Looking at the egg slicers and prices on offer from Amazon this Zyliss seems to be a near top-of-the-range product. Well made and I liked the small round rubber pads on the bottom to stop it sliding on a kitchen surface. Needless to say it works efficiently, very much like our existing slicer made by Zeal (at about two thirds of the price) but it doesn't have an egg piercer like the Zyliss. The Zeal does have one advantage: no actual bottom so it can be washed easily under a tap.

The Zyliss is made to last and could hardly be improved on so I doubt our household will be getting another slicer in the next decade or so.


Shock Doctrine [DVD] [2009] [Region 1] [US Import] [NTSC]
Shock Doctrine [DVD] [2009] [Region 1] [US Import] [NTSC]
Dvd ~ Michael Winterbottom
Offered by supermart_usa
Price: 10.18

1 of 2 people found the following review helpful
2.0 out of 5 stars Shock doctrine of documentary making, 16 July 2013
This is a visual mess. Like so many attempts at visually explaining an abstract idea the makers have to rely on what footage is available and their budget. This is just seventy-eight minutes of newsreel riots and wars letting up occasionally to show some talking-head politicos captured at a news conference. I often wonder when watching this sort of material just how technically poor a bit of film can be before film-makers say 'We can't use this' but it it seems that quick editing and added sound effects can redeem anything.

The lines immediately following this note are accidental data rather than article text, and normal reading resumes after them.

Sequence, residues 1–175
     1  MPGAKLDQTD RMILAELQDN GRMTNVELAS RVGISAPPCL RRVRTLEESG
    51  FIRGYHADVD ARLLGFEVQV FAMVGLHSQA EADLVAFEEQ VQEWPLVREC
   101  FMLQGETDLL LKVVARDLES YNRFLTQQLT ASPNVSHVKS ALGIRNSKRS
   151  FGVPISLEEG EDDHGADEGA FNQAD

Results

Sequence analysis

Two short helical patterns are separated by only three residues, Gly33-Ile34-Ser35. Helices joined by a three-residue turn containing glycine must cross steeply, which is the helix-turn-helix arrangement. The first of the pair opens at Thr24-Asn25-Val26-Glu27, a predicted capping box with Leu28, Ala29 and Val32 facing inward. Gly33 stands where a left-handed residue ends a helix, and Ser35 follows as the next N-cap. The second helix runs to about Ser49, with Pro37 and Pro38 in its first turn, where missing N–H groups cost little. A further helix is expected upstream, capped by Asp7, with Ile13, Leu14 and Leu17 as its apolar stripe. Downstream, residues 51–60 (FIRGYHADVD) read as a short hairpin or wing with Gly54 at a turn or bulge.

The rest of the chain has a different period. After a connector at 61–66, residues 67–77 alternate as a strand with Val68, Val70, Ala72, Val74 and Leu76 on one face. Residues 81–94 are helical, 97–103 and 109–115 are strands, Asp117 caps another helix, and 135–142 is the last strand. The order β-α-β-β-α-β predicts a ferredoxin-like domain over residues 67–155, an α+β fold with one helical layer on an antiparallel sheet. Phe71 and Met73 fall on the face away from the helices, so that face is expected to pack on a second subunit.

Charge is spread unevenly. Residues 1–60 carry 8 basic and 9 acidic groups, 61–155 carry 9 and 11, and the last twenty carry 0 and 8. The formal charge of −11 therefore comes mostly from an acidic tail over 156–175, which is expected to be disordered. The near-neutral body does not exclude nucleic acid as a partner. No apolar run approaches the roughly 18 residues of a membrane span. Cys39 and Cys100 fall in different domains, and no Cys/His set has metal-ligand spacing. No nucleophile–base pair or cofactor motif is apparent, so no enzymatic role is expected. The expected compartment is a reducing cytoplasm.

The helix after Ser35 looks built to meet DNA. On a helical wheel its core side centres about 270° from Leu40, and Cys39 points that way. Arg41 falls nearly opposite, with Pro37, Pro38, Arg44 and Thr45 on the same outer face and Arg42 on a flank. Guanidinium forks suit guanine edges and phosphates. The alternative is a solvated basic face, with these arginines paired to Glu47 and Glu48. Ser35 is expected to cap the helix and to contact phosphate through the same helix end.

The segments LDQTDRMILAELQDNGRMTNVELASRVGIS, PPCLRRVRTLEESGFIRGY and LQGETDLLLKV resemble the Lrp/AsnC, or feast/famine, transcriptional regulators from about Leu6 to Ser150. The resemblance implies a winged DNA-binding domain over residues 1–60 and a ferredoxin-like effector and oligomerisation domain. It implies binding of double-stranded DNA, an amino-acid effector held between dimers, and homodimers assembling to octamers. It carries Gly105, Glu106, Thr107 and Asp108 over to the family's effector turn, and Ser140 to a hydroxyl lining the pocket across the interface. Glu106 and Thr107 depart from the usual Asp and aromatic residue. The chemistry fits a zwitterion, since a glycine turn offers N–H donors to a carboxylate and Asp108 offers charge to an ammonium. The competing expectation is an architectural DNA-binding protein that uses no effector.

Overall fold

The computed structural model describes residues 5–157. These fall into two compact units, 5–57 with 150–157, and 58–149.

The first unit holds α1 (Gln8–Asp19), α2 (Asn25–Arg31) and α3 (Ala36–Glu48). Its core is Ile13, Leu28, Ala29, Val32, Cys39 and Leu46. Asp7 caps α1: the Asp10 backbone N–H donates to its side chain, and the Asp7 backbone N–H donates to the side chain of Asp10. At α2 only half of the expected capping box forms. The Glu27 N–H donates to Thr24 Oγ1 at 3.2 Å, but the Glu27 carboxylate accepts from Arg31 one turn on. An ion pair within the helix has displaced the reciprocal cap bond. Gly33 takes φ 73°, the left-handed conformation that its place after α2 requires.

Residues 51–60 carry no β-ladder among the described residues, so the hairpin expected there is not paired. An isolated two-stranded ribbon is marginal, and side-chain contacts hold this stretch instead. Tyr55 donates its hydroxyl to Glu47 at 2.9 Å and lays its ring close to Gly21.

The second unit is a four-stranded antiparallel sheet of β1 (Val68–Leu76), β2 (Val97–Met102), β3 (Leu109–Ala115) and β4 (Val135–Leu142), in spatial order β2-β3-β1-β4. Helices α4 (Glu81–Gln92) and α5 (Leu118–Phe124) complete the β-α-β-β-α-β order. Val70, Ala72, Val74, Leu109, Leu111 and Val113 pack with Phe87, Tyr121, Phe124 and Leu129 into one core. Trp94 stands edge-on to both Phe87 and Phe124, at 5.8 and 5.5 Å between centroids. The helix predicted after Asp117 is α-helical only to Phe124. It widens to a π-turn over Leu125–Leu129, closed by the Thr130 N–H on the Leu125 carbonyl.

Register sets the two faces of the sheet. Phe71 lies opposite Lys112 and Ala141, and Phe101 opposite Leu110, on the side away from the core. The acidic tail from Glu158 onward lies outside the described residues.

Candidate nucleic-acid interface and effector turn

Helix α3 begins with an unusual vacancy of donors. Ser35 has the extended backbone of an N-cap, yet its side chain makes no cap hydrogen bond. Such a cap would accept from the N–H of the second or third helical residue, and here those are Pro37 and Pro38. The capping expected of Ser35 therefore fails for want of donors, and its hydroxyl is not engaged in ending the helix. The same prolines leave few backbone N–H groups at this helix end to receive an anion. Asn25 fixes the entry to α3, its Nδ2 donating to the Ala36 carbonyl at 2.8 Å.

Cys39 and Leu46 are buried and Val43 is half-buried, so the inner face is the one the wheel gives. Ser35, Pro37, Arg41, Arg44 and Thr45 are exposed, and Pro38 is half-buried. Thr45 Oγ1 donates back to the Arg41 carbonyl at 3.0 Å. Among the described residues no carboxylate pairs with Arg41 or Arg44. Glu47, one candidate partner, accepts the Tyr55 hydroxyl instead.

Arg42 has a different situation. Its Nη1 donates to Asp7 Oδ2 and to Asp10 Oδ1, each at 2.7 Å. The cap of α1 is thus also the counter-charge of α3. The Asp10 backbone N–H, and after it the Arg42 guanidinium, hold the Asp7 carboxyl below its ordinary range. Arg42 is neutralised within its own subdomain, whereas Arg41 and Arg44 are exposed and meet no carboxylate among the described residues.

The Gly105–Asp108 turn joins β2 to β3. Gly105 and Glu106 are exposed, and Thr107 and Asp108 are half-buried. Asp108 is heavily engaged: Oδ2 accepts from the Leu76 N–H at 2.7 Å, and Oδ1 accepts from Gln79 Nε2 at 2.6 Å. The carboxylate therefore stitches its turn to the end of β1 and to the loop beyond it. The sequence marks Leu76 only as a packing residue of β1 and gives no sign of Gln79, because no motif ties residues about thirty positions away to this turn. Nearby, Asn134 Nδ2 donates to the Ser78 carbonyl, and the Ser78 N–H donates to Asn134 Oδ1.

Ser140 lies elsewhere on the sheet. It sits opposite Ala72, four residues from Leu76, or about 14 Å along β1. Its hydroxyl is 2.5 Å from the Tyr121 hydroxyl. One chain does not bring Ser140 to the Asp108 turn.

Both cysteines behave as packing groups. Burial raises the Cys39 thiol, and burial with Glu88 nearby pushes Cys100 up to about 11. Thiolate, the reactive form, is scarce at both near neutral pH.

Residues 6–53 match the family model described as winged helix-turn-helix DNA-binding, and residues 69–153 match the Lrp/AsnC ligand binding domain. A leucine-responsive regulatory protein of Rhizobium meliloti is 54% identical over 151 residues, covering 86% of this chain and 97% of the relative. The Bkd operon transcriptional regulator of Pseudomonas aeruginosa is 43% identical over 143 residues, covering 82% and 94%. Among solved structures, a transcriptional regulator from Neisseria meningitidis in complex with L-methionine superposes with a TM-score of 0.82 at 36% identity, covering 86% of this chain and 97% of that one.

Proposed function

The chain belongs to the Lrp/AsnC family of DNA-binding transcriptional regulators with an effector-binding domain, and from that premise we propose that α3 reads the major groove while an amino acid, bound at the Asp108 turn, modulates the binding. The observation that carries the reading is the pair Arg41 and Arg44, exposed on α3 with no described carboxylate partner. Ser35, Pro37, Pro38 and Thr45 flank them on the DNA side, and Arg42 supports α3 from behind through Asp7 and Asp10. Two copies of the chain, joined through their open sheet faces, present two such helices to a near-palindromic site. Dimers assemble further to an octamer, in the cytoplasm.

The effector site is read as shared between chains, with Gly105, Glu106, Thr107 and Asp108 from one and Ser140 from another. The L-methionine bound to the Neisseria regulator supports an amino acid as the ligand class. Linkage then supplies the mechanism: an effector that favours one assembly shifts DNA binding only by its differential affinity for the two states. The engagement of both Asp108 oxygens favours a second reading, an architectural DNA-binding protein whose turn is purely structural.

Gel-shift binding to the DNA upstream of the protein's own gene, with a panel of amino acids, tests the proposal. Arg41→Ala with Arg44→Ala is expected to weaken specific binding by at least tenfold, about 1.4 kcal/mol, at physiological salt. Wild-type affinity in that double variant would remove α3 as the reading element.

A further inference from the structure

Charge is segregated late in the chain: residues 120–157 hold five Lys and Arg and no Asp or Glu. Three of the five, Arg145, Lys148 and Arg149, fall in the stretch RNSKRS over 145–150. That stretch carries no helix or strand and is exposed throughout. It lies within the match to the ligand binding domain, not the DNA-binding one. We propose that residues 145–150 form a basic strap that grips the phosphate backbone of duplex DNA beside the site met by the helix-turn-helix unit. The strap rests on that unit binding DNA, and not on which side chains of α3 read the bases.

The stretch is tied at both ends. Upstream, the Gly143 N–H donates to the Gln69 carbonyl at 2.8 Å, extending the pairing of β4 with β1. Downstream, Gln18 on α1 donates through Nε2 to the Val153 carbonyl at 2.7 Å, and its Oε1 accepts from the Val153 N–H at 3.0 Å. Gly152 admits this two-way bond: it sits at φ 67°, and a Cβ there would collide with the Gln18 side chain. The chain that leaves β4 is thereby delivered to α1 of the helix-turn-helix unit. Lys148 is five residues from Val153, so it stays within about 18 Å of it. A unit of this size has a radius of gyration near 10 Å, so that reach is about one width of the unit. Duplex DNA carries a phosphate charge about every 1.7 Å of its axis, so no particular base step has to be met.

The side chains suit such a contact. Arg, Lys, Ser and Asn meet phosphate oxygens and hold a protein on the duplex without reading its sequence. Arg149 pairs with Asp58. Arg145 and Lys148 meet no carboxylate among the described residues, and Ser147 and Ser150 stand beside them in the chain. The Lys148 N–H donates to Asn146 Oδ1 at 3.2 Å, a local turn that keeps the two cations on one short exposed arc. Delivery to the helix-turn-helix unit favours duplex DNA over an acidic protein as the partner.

Fortunately the background narration and Naomi Klein's appearance on the lecture circuit pull so much of her book into perspective. The big disappointment for me was not confronting these 'crony capitalism' guys for an explanation on why there was so much failure with their policies around the world.

You could read a good chunk of her fascinating book in the time it takes to watch this visually dull documentary.


The Book On Free Software - Vol 1
The Book On Free Software - Vol 1
Price: 6.70

2.0 out of 5 stars Free for who?, 5 July 2013
I thought this was a reasonable attempt at explaining the various types of free software but I can't work out who it is aimed at. The author goes into great detail about software like Linux Ubuntu, MySQL, Project Libre, Dia which really mostly applies to professional users rather home-based ones but if you are using a pc professionally the cost of proprietary software is mostly tax deductable and their cost is anyway built into any pricing structure an individual or small company might charge for their services.